On Incarnation and Inspiration

How did we get the Bible?

This question kept coming up during our outreach this week.  It's complicated.  Confusing.  Important.

Evangelical conversations around the origins of the Bible tend to focus on it's perfection and defensability.  God inspired human authors to produce the Scriptures.  Revelation.  "The Bible," Evangelicals say, "is inerrant and infallible." And I'm all for that.

But when I think about the Bible - and more specifically the doctrine of inspiration - inerrancy and infallibility aren't the first things that come to mind.

Attempting to run the right way around the circle, I start with Jesus.

We know God most clearly through Jesus.  Paul the Apostle and poet called Jesus "the image of the invisible God."  In Jesus we see God's character and priorities clearly displayed.  He reveals God perfectly to us.

But we tend to ignore this idea when it comes to talking about the Bible, inerrancy, and inspiration.  We tend to start in the wrong place, with a God who is abstract.  If God had revealed himself primarily as omniscient and omnipresent and omnipotent, we would expect the Bible to be primarily precise and thorough and beyond argument.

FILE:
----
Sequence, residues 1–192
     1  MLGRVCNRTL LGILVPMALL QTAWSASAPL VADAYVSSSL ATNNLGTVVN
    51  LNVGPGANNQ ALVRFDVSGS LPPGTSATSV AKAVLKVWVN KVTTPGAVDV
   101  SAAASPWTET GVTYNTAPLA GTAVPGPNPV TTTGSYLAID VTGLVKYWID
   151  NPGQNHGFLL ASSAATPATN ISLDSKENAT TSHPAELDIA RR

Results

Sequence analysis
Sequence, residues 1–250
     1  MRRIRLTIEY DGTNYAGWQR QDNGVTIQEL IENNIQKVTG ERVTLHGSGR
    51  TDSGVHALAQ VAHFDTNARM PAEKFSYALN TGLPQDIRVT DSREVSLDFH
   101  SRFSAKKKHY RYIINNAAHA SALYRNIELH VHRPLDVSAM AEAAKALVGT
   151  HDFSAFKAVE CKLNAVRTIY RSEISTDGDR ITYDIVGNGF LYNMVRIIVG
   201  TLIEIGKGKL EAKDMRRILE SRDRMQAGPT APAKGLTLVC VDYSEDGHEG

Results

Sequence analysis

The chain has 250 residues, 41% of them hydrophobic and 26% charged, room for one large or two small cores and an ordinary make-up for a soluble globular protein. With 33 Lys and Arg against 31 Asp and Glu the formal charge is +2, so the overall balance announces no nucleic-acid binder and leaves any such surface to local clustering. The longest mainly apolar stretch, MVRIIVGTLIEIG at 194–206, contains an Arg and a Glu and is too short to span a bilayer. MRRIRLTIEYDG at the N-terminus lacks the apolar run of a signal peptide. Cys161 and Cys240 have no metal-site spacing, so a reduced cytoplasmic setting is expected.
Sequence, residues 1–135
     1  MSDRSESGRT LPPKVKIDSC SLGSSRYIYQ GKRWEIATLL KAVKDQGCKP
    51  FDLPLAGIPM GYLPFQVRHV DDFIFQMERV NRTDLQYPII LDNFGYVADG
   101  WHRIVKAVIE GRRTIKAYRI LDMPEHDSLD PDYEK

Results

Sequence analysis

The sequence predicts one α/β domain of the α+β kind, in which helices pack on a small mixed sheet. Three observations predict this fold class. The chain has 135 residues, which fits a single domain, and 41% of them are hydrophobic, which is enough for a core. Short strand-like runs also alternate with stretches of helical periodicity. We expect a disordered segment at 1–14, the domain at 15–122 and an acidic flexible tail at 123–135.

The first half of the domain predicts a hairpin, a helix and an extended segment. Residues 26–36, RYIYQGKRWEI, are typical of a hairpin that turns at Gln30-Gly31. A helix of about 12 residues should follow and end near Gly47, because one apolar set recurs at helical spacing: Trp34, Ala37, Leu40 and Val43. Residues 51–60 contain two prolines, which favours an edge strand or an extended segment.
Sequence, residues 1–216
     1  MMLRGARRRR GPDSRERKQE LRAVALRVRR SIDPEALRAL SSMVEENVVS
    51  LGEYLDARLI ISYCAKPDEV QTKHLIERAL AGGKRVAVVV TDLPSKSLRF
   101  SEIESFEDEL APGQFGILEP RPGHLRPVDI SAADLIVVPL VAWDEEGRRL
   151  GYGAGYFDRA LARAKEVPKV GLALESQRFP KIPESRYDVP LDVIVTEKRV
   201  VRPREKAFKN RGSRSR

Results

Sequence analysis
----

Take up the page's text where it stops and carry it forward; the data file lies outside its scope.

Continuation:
But what if God's revelation through Jesus sets a pattern for his revelation through Scripture?

God's revelation through Jesus wasn't precise.  It was full of horrible inefficiency.  Decades, dusty roads, death.  And people were so confused.  "What did he mean?  Why did he do that?  Who is he again?"  These questions swirl around Jesus, filling the air around him.

God's revelation through Jesus wasn't thorough either.  He forgot to talk about homosexuality, abortion, waiver wire pick-ups ... all of the important things.  Jesus focused on what he considered important, in both his action and teaching.  But his priorities weren't ours.

And, let's face it, God's revelation through Jesus wasn't beyond argument.  He had doubters and haters from the very beginning (think Herod), throughout his ministry (think Pharisees), at his death (think Romans), and to this very day (who do you think of?).  He left room for doubt.

But if precision, thoroughness, and ... well ... being beyond argument aren't the priorities that illuminate God's revelation, what does?

I don't know that I know, not exactly.  But I know it's messy and relational and enough.

What about you?  What do you think God's incarnation tells us about God's inspiration?

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